on Nov 27, 2007
If you have ever written software, then you will most likely find this to be funny. Despite the joke on programmers here, I really have made it my goal over the years to write less code. The huge block of code that the “seasoned professional” uses to print “hello world” actually makes me angry. I know this is a joke, but I’ve seen coders who acted this way and I’m always horrified when I encounter their work.
It’s like having a twenty-page document on how to fill a Pez dispenser. The underlying functionality is simple, but the instructions are so verbose that if you want to make a change you’re better off dumping the original and writing the whole thing over from scratch.
In my day job I often work with a large-ish codebase (I’m gonna guess it’s somewhere in the ballpark of two or three million lines of code) which has been around since sometime in 1994. It’s crufty now, and once in a while I’ll need to go into one of the old, dusty corners of the codebase and work on it. I can often tell who wrote the code just by looking at it.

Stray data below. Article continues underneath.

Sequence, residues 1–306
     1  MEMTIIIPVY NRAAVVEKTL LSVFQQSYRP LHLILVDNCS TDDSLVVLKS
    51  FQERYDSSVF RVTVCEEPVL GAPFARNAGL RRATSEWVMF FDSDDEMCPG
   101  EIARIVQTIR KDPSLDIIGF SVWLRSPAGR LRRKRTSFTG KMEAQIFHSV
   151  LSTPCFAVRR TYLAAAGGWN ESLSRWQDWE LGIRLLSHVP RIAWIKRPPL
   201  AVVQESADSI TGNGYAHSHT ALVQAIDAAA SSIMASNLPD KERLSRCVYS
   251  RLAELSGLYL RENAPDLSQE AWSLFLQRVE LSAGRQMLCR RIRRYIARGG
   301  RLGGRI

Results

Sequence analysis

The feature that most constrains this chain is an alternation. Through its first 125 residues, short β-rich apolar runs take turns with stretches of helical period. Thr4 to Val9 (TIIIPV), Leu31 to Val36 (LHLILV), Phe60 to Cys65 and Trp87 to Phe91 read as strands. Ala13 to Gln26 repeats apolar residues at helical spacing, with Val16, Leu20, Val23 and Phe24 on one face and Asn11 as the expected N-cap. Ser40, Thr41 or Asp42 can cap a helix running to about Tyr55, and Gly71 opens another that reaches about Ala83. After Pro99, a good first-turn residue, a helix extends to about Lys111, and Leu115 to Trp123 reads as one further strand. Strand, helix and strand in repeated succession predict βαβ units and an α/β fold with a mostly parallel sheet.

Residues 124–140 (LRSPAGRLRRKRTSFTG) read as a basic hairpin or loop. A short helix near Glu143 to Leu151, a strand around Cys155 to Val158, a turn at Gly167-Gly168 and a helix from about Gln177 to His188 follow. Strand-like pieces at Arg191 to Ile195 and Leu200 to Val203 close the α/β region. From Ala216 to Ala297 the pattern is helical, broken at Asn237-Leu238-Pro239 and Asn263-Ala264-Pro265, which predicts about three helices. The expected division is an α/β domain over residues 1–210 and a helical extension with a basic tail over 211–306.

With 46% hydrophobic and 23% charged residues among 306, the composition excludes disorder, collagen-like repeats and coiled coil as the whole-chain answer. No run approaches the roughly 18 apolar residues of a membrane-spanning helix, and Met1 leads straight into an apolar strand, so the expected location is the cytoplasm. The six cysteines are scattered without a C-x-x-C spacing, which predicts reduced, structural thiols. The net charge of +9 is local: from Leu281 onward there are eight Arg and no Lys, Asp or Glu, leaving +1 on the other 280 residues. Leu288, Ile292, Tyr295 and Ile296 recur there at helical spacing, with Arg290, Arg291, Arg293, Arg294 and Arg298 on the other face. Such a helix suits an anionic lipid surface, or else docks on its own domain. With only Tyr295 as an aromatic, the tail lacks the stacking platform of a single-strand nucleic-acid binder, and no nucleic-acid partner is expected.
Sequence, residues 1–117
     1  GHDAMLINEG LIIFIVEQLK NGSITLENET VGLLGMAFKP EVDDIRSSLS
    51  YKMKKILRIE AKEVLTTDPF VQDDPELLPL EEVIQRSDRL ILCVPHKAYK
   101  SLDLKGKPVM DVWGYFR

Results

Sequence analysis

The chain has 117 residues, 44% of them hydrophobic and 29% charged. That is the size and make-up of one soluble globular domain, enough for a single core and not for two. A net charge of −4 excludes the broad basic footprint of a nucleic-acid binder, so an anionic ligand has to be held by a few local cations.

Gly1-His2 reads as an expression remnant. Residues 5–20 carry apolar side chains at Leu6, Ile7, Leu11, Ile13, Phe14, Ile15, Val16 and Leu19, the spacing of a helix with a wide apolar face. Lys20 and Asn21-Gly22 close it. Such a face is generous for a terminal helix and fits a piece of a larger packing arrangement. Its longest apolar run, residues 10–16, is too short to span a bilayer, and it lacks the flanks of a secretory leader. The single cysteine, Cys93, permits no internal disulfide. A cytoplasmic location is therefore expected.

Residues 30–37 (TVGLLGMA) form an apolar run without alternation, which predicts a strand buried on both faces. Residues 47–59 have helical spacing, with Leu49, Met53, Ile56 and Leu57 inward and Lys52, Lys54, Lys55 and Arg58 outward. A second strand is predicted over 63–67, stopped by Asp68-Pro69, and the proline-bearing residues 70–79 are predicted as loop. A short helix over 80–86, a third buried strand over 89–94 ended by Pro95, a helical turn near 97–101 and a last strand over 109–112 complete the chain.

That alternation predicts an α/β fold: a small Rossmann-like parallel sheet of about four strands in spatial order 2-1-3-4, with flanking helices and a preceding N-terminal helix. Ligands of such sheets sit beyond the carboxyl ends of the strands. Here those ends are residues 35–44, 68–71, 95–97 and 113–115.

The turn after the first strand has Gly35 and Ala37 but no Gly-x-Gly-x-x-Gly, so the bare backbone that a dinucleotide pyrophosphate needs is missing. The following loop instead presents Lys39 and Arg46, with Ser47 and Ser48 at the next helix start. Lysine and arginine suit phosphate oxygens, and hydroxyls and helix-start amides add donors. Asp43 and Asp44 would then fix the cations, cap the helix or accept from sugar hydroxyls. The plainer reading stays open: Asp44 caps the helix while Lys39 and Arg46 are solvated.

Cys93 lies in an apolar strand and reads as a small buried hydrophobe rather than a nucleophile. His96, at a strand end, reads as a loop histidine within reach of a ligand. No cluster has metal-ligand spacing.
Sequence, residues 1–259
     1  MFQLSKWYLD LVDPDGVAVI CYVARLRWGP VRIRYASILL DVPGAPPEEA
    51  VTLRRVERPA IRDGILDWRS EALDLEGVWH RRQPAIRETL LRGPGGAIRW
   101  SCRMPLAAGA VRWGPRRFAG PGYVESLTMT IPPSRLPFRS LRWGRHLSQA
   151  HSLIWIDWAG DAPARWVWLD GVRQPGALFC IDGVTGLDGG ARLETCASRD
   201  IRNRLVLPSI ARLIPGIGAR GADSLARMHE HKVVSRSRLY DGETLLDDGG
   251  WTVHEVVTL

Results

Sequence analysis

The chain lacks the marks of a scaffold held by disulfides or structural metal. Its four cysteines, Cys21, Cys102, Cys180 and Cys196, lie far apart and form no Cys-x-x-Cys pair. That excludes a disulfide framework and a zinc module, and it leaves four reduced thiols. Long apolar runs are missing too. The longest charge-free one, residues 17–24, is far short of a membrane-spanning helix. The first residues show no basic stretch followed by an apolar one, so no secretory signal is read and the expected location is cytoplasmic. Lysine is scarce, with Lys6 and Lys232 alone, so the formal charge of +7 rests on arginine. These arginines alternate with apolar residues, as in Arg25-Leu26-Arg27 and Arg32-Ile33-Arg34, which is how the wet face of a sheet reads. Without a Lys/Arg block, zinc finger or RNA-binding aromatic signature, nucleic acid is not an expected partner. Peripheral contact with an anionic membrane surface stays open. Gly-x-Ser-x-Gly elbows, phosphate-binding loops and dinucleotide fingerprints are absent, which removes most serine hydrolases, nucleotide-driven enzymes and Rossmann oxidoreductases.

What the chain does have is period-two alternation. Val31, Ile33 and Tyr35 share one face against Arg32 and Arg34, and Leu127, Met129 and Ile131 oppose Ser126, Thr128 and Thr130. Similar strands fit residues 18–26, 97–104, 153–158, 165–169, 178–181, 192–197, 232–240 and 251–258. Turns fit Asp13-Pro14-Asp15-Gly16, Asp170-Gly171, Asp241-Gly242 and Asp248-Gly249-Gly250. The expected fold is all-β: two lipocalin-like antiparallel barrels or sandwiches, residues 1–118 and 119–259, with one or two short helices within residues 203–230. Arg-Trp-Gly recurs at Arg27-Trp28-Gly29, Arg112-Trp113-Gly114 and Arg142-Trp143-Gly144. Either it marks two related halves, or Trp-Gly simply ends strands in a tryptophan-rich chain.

Sometimes I’ll have trouble getting a non-coder superior to understand why we need to throw away (or re-write) a block of functional code when it apparently “works just fine” and all we need is “a minor change”. This is particularly true since I’m reluctant to be critical of my peers and very reluctant to be critical of peers which have departed for other jobs. It’s a very weasel-ish practice to point the finger of blame at a guy who left two years ago, even if the work he left behind is borderline sabotage. So I can either blame a guy who isn’t around to defend himself, or I can act as caretaker for his psychotic, unruly code.
Not a fun choice to make.
Shamus Young is an old-school OpenGL programmer, author, and composer. He runs this site and if anything is broken you should probably blame him.